Facts are simple, essential and indifferent. Opinions are clamorous, contradictory and attention-seeking.
In the game’s second half, there are sundry encouragements to let go of things—if not actual then conceptual, e.g., mental things. In practice, this means relinquishing our opinions. Sadly, for many of us, this is just not an option.
An open mind is a mind that does not judge. Yes, it has a way of seeing things, a point of view, but it nurses no opinions, harbours no resentments, renders no judgements.
They still come around, unnoticed and low-shouldered, the quiet ones so devoted to truth that they moulted their opinions. Lao Tzu: “Those who speak do not know. Those who know do not speak.”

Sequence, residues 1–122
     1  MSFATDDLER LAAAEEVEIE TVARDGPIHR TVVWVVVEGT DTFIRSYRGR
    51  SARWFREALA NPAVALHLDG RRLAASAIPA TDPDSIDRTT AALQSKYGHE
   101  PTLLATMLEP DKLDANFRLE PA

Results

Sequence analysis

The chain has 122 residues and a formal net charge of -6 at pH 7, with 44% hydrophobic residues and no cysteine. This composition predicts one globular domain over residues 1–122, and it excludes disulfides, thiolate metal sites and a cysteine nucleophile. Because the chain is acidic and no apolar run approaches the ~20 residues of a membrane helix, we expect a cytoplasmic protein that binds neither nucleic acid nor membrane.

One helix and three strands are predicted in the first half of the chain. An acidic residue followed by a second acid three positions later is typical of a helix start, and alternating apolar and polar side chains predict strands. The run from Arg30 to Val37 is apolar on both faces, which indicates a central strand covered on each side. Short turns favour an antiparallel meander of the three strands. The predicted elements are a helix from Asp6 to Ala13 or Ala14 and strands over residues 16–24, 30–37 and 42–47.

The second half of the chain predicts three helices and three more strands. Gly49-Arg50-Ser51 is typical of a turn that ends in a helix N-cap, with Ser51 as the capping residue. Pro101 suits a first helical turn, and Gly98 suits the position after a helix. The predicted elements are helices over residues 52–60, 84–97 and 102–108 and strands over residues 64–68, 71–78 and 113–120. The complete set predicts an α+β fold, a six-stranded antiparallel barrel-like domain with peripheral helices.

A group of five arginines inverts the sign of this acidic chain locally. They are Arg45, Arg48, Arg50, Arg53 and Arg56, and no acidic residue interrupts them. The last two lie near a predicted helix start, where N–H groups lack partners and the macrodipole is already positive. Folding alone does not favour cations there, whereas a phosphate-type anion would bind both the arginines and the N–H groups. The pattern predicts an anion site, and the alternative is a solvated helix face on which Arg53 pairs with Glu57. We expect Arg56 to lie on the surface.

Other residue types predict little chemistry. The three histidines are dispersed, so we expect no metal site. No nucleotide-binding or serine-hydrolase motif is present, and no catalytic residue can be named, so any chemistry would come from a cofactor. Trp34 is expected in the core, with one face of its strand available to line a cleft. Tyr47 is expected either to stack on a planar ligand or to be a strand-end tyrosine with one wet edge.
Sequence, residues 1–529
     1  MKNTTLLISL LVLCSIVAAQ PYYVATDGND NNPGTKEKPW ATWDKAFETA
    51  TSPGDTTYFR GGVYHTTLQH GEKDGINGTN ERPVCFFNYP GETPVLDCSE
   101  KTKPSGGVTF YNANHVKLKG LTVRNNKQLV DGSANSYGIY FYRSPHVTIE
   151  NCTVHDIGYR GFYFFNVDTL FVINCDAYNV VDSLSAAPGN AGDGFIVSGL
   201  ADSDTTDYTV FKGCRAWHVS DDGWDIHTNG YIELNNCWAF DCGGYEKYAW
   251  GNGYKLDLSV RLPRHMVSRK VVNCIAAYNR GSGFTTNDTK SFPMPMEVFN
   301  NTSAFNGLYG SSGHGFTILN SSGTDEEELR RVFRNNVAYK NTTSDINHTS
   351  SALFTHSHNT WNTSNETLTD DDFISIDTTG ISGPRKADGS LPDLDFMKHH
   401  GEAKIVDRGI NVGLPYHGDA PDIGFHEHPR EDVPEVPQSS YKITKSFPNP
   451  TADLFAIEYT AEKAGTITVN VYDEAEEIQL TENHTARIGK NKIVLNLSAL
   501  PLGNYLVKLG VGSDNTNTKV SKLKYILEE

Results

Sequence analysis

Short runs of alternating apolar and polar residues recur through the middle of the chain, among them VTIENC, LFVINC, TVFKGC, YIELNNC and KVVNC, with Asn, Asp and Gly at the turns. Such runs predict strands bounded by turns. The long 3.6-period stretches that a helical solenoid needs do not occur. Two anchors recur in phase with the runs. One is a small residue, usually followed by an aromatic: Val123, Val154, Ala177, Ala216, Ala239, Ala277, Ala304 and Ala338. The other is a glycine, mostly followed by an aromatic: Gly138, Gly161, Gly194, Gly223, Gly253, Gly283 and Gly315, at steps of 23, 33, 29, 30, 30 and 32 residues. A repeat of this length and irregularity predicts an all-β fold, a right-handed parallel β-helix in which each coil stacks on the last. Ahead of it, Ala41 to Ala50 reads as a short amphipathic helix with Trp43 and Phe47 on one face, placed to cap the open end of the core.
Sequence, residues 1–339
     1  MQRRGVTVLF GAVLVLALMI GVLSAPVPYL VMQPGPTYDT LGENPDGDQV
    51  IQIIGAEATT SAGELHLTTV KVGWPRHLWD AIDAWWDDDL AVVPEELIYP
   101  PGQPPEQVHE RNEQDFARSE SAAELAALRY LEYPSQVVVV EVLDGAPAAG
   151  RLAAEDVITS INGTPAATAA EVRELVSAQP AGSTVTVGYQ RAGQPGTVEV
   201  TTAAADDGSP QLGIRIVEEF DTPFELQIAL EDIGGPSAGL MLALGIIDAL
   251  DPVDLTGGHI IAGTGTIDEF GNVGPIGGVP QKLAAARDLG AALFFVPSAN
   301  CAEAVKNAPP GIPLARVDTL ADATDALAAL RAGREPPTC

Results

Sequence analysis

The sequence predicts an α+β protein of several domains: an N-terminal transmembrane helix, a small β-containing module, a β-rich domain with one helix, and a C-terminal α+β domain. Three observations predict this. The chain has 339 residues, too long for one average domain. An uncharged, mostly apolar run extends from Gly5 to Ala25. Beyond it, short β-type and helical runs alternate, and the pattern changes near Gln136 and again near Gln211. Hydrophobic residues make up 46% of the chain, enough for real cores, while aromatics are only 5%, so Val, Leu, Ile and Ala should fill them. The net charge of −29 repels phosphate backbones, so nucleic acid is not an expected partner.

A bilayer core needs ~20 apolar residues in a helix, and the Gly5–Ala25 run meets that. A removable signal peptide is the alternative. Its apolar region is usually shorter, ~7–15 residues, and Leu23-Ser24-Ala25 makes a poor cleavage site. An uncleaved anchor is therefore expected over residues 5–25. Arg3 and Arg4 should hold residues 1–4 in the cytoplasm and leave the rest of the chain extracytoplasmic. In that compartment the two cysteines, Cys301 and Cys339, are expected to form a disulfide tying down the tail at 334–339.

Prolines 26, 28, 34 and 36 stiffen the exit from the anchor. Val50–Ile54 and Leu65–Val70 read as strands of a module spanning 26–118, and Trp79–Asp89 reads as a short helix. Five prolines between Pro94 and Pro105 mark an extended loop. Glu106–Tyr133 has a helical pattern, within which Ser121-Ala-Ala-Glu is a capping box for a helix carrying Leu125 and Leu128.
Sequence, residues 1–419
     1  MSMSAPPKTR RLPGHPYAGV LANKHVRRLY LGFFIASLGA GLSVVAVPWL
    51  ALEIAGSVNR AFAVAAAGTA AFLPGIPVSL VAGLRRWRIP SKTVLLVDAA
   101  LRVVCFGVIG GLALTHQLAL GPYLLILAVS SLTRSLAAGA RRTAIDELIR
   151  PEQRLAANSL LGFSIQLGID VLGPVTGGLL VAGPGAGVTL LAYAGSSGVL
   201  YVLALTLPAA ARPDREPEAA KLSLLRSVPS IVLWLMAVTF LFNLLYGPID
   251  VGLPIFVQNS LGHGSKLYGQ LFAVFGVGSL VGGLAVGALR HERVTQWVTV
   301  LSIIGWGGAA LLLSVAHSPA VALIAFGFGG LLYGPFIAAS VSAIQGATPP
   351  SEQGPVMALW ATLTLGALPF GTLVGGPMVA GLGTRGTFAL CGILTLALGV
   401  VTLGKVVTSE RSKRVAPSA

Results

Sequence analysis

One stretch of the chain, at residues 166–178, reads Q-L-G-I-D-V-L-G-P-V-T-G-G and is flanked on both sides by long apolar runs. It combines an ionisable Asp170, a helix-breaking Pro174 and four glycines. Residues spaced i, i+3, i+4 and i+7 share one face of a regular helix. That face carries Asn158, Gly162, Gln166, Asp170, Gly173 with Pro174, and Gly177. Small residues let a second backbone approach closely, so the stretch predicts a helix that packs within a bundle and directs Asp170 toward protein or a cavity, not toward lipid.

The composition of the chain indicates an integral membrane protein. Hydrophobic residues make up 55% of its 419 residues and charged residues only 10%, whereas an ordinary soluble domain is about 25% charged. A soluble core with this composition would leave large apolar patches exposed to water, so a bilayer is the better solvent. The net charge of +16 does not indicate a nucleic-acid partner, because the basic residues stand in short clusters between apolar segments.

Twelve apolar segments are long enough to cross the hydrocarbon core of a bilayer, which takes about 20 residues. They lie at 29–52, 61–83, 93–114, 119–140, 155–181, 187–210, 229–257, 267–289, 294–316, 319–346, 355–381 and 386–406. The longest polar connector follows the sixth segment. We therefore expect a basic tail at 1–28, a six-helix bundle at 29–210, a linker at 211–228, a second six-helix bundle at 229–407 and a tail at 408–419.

We measure self-righteousness by the strength of our opinions. We aren’t born with opinions; neither do we die with them. Rare is he who sees quietly—who sees what he sees without forming an opinion about it. Clarity is charity.